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FAFSA

Gateway to student financial aid

Every student who is applying for financial aid should submit the Free Application for Federal Student Aid (FAFSA). Here are the facts you need to help your students with this form.

What the FAFSA is

The FAFSA is a federal form that colleges use to determine a student's eligibility for federal aid. (The majority of the $227 billion in financial aid awarded each year is from federal funds.) The form is also used by many state and college financial aid programs. It is developed, distributed and processed by the U.S. Department of Education's office of Federal Student Aid (FSA).

When and how to file

Students can file the FAFSA beginning Jan. 1.

Assure families that it is acceptable to use estimated income and other estimated figures on the FAFSA, using pay stubs and other records to complete the document. They will be able to change information later.

The FAFSA can be filed electronically at the FSA website's FAFSA page. Urge students to file electronically. This method is fastest and has the advantage of online prompts to help families avoid mistakes. Paper and PDF applications are also available.

Students who plan to file online need a PIN — a personal identification number — before they can fill out the form. They should apply for a PIN in November or December at the Department of Education's PIN website.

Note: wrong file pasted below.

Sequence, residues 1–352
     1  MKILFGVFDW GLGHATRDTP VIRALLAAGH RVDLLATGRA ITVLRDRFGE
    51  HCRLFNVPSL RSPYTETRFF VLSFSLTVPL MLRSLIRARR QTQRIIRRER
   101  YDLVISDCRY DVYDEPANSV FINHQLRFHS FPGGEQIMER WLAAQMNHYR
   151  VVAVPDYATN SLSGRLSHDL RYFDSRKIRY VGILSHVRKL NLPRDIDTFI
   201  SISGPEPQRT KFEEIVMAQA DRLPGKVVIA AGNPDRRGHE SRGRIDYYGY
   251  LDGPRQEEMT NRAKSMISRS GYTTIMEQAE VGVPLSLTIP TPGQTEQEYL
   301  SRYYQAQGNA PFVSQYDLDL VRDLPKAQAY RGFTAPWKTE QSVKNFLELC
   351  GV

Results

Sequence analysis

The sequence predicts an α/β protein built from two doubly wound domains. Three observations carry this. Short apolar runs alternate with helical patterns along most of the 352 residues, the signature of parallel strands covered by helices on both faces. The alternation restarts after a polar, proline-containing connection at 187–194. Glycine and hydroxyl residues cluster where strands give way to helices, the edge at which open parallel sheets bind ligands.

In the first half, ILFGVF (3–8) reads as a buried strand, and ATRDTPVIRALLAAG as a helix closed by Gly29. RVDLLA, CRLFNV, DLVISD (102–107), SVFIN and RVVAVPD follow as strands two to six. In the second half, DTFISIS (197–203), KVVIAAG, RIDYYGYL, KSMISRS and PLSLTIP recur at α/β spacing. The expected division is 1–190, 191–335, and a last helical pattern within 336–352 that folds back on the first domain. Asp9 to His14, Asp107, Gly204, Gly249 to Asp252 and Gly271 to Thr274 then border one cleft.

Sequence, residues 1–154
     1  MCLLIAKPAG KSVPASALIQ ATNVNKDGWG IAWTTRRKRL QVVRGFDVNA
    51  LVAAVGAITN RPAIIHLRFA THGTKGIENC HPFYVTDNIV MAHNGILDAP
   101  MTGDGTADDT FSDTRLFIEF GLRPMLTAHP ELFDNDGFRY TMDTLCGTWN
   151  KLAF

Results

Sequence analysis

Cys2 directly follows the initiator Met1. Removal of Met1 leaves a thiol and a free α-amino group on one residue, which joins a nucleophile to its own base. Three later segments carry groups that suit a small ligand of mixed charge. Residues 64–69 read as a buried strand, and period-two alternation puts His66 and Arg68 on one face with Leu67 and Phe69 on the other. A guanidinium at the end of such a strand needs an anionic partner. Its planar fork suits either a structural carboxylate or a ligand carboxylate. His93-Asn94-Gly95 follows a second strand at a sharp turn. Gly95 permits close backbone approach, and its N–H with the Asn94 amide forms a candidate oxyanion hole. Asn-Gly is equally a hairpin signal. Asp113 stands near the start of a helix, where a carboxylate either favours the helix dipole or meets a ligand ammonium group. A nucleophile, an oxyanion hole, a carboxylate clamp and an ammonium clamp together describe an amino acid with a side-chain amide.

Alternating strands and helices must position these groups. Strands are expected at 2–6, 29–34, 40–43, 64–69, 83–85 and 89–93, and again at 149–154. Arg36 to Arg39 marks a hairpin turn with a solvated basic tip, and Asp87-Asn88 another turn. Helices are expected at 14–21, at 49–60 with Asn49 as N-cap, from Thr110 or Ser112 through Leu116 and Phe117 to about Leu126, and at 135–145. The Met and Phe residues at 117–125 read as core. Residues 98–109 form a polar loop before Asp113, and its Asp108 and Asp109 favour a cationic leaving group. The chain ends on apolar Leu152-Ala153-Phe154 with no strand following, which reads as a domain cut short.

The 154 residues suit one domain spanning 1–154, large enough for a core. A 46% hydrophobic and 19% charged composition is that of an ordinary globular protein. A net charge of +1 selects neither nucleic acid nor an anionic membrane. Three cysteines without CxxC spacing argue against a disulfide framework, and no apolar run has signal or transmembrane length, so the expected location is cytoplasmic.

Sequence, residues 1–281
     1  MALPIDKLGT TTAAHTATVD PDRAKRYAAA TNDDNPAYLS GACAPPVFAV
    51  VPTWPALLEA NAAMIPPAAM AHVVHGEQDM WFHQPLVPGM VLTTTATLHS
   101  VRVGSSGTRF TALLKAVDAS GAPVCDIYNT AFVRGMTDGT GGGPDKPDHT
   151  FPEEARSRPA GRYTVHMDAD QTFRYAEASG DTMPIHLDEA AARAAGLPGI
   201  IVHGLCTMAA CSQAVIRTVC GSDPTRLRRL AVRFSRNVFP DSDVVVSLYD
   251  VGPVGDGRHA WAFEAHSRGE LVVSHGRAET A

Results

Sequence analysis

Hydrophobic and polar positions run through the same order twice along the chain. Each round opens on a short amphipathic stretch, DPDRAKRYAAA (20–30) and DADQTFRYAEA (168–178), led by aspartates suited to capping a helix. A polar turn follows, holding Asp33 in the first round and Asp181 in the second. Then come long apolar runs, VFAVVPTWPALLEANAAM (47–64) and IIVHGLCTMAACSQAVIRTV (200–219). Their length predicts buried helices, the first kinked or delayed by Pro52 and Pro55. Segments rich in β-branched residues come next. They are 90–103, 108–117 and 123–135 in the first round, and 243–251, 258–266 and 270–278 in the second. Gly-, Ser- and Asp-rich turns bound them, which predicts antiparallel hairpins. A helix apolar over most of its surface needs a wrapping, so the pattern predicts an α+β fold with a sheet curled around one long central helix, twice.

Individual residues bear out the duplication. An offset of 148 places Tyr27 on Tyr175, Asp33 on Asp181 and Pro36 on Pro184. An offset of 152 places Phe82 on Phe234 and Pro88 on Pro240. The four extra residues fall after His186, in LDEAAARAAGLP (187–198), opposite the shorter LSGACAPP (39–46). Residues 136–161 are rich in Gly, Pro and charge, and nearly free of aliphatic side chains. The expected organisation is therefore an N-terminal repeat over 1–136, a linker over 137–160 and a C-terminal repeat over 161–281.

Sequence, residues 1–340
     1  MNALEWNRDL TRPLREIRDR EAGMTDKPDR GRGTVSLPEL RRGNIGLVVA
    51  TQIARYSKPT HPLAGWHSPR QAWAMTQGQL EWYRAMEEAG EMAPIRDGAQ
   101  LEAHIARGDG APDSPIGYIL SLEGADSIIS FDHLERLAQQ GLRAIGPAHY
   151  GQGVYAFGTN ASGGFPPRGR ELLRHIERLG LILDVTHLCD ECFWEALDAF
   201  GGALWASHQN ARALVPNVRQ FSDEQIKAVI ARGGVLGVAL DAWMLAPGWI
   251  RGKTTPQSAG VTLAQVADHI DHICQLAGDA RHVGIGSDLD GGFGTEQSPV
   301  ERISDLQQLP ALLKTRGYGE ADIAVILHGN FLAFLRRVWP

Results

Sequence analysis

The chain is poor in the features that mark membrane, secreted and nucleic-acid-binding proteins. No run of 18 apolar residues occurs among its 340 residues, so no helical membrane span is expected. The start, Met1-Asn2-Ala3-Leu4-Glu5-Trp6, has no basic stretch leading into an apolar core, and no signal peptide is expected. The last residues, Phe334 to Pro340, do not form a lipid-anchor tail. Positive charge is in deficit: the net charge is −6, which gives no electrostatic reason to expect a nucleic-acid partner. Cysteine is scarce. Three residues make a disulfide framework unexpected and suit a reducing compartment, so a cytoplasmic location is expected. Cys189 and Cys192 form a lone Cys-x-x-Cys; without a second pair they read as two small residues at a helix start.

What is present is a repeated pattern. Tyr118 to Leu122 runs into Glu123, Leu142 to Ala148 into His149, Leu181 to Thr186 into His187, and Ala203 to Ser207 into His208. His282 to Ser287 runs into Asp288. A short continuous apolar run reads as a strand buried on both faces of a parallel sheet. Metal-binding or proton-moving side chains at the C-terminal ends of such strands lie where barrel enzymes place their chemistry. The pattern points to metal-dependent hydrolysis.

To get paper copies of the FAFSA, call 800-394-7084 or visit the FSA publications website.

Help families complete the form

Providing families with expert advice and computers can go a long way toward ensuring that students correctly file this important form.

"Counselors should avoid giving advice on what to report on the form or not," says Laura Malmstrom, a counselor in Wilmington, Del. "I bring in financial aid officers from local colleges to help students complete the forms, so they are getting expert help."

Here are some ways to help families:

  • Provide copies of the FAFSA on the Web Worksheet (available in English and Spanish) to families so they can prepare their information in advance of filing the actual FAFSA.
  • Prepare a list of information and documents they should have handy, including:
    • Social security number
    • Federal income tax returns
    • W-2 forms
    • Current bank statements
    • Records of untaxed income (such as welfare benefits, Social Security or Temporary Assistance for Needy Families)
    • Records of any stocks, bonds or other investments
  • Convene a panel discussion in the fall about financial aid with financial aid professionals from local colleges.
  • Host open lab nights with college financial aid professionals during January, when the FAFSA needs to be completed.

Information from the Office of Federal Student Aid

The U.S. Department of Education's Office of Federal Student Aid sends an excellent booklet — the Counselors and Mentors Handbook on Federal Student Aid — to each school every year. This easy-to-use reference is aimed at counselors and explains federal aid, how it is awarded and the process of completing the FAFSA. It includes handouts that can be used at financial aid events and information on the many federal Web-based tools that can help you navigate the FAFSA. Call 800-394-7084 or go to the FSA publications website to request a copy.

Visit Federal Student Aid Information for Counselors for more information and resources.

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